Here are a few quick hits on some longer posts and articles you should read.
First, Daniel Little posts on Robert Merton’s sociological theory of science. There’s a relevant chunk here for economists:
…the conduct of science is driven by the values that the institutions of science inculcate and enforce; the incentives created by the scientific institutions shape and motivate the behavior of scientists; and the product of science is the result of the constrained activities of scientists shaped and motivated in these particular ways.
Steve Keen writes that post-Keynesians need to formalize and mathematize their models, after attending a recent conference:
We can and must do better than that. But to do so, non-orthodox economists have to find tools that can express their vision of the economy analytically, either as mathematical or computer models. If we don’t, then whatever might be said by “Critical Realists” about the inappropriateness of mathematical analysis in economics, or how one can’t model open systems mathematically, the critics will be sidelined in a not too distant future by those who do use such models–and who care a good deal less about realism than the critics do. Yet again, the critics may win the philosophical battle, only to lose the methodological war.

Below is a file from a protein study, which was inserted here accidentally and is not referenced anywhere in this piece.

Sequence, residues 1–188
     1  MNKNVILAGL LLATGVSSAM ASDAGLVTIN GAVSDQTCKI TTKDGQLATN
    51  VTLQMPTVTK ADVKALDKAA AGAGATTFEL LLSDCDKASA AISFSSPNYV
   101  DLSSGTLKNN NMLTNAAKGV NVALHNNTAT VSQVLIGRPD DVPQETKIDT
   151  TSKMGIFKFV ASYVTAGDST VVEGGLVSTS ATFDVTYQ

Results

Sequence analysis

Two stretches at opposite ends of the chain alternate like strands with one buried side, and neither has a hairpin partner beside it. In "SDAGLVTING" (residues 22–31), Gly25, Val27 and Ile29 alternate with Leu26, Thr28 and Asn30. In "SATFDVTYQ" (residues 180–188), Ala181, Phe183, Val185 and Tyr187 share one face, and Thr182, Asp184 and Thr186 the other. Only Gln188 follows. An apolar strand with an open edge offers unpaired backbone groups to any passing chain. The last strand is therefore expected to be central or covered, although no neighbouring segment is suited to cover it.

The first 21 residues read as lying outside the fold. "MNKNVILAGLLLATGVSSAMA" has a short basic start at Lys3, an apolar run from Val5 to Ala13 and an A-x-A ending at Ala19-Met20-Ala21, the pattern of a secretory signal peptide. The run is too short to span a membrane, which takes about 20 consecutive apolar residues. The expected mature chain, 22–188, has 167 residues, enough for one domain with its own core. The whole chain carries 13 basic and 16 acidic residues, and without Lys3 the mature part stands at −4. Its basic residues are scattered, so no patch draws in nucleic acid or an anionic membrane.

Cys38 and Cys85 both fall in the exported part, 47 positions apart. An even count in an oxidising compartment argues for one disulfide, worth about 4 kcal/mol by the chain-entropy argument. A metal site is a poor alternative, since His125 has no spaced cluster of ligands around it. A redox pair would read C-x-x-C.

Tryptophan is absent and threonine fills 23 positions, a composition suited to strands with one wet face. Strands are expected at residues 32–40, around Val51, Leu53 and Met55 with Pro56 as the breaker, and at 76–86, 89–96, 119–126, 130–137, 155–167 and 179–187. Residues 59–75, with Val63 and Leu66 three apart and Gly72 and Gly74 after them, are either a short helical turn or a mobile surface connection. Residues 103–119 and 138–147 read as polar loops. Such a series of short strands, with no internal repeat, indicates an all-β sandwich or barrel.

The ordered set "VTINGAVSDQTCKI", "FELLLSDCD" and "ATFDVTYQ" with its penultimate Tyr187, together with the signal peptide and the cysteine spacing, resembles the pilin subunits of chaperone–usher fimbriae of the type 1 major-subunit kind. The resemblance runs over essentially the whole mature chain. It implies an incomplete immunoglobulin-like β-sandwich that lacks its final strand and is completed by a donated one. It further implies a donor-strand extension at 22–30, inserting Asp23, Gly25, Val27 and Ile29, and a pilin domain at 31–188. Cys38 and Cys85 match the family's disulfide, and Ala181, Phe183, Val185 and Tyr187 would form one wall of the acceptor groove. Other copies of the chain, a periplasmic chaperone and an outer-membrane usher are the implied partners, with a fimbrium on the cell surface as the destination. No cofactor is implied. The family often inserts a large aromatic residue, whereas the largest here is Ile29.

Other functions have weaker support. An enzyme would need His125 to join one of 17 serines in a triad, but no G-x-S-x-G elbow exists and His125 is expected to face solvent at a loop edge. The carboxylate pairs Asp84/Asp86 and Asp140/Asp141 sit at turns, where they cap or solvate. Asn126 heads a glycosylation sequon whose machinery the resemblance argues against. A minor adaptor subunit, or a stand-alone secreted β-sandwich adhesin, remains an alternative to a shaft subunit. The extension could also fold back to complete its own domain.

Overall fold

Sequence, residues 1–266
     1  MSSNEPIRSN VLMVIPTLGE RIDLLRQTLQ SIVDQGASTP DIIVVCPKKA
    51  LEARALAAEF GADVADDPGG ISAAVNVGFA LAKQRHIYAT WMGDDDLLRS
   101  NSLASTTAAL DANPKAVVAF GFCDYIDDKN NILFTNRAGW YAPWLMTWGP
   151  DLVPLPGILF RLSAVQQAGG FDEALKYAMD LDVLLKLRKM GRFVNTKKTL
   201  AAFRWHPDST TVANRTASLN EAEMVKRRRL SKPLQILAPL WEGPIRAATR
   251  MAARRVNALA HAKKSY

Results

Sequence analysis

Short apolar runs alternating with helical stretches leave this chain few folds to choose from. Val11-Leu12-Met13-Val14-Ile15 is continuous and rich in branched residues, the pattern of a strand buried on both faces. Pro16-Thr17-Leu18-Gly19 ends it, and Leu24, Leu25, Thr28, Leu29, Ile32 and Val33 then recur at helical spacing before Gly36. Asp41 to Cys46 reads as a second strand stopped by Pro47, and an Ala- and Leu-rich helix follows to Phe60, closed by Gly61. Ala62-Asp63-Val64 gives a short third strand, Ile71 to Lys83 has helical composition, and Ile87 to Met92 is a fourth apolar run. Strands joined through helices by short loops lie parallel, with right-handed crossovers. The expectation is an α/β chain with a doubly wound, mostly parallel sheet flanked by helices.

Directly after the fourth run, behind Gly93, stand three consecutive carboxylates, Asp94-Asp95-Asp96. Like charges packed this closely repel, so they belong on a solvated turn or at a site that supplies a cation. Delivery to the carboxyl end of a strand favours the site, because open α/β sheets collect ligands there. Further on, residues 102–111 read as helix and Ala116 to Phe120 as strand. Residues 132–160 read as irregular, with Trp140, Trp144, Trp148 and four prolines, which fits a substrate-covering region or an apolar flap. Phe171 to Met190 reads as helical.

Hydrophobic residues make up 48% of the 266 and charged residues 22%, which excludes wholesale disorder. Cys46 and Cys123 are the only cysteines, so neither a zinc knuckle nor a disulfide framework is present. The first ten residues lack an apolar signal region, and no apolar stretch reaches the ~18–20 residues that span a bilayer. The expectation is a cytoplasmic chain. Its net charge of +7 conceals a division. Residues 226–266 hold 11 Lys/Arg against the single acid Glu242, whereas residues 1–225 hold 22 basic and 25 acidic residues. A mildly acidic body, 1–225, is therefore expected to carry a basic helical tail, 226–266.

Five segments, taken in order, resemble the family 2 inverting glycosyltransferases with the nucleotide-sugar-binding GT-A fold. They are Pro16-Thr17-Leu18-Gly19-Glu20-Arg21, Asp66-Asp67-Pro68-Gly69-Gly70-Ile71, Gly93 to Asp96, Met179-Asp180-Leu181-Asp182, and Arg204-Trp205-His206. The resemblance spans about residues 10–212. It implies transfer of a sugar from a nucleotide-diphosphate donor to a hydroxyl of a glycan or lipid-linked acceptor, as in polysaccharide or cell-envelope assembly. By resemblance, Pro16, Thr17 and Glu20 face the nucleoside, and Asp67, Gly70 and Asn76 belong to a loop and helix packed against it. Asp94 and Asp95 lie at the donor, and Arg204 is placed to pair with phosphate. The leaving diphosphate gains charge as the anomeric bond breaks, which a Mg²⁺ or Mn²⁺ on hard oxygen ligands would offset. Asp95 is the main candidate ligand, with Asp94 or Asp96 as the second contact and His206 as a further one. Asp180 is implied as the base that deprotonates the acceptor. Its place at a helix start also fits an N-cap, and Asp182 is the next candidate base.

Finally, Teresa Ghilarducci, who is a former professor of mine and now at the New School, says the current social security/pension scheme is inadequate and unfair:
[Obama's plan] does not actually fix the worst flaw of the 401(k) system, and the flaw is this: 3% of pay is not enough for people to supplement their Social Security; if people want to maintain their standard of living for the rest of their lives and they are in the middle class or above income brackets, they are going to have to save 7 to almost 20% of their income, depending upon family circumstances. . . . Also, these accounts are managed by for-profit, mutual-fund brokers. Charles Schwab, Vanguard, Fidelity — these are all commercial accounts that actually charge you hefty brokerage fees, hefty management fees, for your retirement accounts…
We should not have tax breaks for the retirement savings that go to people in the very top bracket — it doesn’t make any sense. If the government is going to lay out money to help people accumulate their retirement funds, they should do it for lower-income and middle-income groups. The other principle they had is that retirement contributions should be pooled and professionally managed. . . . It minimizes costs and also smoothes out financial risks.